Burqa

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Detail of the head and upper torso portions of a silk burqa
Two women in burqas, Afghanistan

A burqa (also known as chadri or paranja in Central Asia) is an enveloping outer garment worn by women in some Islamic traditions to cover themselves in public, which covers the body and the face. Originating from Arabic: برقع‎, burquʻ or burqaʻ, and Urdu: بُرقع‎, it is also transliterated burkha, bourkha, burka, burqua, or burqu' and is pronounced Arabic pronunciation: [ˈbʊrqʊʕ, ˈbʊrqɑʕ].a

In Islamic texts[edit]

Relevant verses of the Quran have been translated as:

"O Prophet! Say to your wives and your daughters and the women of the faithful to draw their outergarments close around themselves; that is better that they will be recognized and not annoyed. And God is ever Forgiving, Gentle."

— Qur'an, Surah 33 (Al-Ahzab), Verse 59

"And say to the faithful women to lower their gazes, and to guard their private parts, and not to display their beauty except what is apparent of it, and to extend their scarves (khimars) to cover their bosoms (jaybs), and not to display their beauty except to their husbands, or their fathers, or their husband's fathers, or their sons, or their husband's sons, or their brothers, or their brothers' sons, or their sisters' sons, or their womenfolk, or what their right hands rule (slaves), or the followers from the men who do not feel sexual desire, or the small children to whom the nakedness of women is not apparent, and not to strike their feet (on the ground) so as to make known what they hide of their adornments. And turn in repentance to Allah together, O you the faithful, in order that you are successful"

— Qur'an, Surah 24 (An-Nur), Verse 31

A fatwa, written by Muhammed Salih Al-Munajjid, a salafist and founder of the website IslamQA.info states:

The correct view as indicated by the evidence is that the woman's face is 'awrah which must be covered, it is the most tempting part of her body, because what people look at most is the face, so the face is the greatest 'awrah of a woman.[1]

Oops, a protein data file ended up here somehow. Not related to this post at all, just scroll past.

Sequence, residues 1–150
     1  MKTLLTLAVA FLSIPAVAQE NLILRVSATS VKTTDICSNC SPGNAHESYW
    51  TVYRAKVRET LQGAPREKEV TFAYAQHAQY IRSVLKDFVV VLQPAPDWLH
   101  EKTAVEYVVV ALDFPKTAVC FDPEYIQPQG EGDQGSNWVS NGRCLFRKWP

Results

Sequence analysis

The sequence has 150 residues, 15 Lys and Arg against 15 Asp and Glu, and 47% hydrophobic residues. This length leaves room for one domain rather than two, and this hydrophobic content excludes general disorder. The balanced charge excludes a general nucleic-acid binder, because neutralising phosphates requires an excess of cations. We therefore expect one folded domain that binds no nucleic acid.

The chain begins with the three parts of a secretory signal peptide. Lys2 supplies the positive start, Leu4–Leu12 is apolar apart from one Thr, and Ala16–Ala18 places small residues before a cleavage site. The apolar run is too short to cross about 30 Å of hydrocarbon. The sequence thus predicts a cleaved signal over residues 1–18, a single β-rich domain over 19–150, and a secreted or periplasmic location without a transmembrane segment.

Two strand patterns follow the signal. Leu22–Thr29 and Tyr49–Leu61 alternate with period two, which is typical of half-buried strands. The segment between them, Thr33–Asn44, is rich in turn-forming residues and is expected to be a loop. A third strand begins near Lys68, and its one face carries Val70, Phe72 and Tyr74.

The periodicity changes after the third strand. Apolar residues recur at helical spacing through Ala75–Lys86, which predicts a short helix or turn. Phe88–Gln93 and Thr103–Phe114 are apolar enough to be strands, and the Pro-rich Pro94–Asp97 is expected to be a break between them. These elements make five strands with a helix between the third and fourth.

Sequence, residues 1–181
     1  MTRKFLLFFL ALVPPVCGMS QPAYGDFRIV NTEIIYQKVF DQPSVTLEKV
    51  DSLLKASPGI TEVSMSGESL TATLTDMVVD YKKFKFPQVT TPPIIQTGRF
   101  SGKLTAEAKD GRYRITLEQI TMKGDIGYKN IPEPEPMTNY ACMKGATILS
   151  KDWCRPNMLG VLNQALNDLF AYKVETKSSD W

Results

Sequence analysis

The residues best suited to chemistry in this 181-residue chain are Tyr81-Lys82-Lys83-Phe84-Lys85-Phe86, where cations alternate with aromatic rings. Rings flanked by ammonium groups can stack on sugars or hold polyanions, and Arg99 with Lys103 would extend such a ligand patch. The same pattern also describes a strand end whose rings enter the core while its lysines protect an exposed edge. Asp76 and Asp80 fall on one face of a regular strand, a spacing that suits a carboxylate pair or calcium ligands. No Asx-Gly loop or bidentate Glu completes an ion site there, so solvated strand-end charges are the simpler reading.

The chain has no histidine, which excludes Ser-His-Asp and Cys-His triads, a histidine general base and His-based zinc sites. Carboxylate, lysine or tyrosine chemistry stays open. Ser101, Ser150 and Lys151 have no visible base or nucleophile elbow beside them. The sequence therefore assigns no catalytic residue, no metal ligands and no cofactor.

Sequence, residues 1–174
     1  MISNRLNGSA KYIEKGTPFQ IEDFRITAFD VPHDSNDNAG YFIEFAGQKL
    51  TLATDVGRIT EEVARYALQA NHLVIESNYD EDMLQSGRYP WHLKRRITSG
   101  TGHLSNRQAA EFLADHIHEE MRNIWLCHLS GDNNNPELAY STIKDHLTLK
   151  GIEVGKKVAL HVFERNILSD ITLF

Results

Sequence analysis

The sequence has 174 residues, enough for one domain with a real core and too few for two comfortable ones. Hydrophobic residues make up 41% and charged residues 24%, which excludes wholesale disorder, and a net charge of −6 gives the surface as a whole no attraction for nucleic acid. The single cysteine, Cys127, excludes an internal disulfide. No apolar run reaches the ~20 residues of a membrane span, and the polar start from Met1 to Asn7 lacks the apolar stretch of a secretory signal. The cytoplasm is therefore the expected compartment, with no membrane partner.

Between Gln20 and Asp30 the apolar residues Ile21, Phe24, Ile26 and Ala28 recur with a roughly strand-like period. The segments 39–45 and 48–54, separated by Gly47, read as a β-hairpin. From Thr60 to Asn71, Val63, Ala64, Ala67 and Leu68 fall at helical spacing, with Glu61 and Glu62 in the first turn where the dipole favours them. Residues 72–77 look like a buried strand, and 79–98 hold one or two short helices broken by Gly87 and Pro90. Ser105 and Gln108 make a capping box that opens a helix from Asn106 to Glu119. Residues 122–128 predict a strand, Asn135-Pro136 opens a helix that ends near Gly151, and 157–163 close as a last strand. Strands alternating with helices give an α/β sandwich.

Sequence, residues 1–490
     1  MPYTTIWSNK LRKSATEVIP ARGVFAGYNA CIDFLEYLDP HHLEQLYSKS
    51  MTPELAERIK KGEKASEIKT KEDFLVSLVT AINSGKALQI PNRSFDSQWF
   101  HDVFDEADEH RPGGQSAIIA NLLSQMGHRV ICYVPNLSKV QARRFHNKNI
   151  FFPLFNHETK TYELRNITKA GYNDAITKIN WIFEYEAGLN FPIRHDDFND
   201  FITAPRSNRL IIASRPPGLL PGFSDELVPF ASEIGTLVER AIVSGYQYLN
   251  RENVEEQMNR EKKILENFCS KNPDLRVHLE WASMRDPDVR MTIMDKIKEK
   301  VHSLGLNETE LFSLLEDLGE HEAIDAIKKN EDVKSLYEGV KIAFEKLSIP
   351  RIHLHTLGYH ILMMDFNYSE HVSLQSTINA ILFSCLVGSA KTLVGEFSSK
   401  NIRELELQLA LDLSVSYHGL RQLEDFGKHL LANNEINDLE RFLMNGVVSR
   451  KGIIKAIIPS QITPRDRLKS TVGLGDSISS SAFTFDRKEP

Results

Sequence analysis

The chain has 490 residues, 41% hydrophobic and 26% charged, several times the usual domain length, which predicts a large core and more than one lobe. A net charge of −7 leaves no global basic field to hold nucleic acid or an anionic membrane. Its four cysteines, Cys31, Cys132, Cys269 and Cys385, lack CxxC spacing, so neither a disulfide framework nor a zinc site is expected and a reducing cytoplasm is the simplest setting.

The fatwa also states when it is prohibited to wear the veil:

In the Sunnah there are many ahaadeeth, such as: the Prophet said: "The woman in ihraam is forbidden to veil her face (wear niqaab) or to wear the burqa'." This indicates that when women were not in ihraam, women used to cover their faces[1]

An 1842 Lithography work by James Rattray showing a Persian (Qizilbash) woman in Afghanistan with a burqa behind her.

Namus[edit]

In the Muslim world, preventing women from being seen by men is closely linked to the concept of Namus. Namus is an ethical category, a virtue, and is a strongly gender-specific category of relations within a family described in terms of honor, attention, respect/respectability, and modesty, the term is often translated as "honor".[2][3][3]

Around the world[edit]

Africa[edit]

Cameroon[edit]

In July 2015, Cameroon banned the face veil including the burqa after two women dressed in the religious garments completed a suicide attack killing 13.[4][5]

Chad[edit]

In June 2015, the full face veil was banned in Chad after veiled Boko Haram bombers disguised as women completed multiple suicide attacks.[5][6][7]

Republic of the Congo[edit]

In May 2015, the Republic of the Congo banned the face veil in order to counter extremism,[8][9] the decision was announced by El Hadji Djibril Bopaka, the president of the country's Islamic High Council.[10]

Gabon[edit]

In 2015, Gabon banned the face veil in order to counter extremism in public and places of work.

Morocco[edit]

The Moroccan government distributed letters to businesses on 9 January 2017 declaring a ban on the burka, the letters indicated the "sale, production and import" or the garment were prohibited and businesses were expected to clear their stock within 48 hours.[11]

Asia[edit]

Afghanistan[edit]

Afghan women wait outside a USAID-supported health care clinic.

The full Afghan chadri covers the wearer's entire face except for a small region about the eyes, which is covered by a concealing net or grille.[12]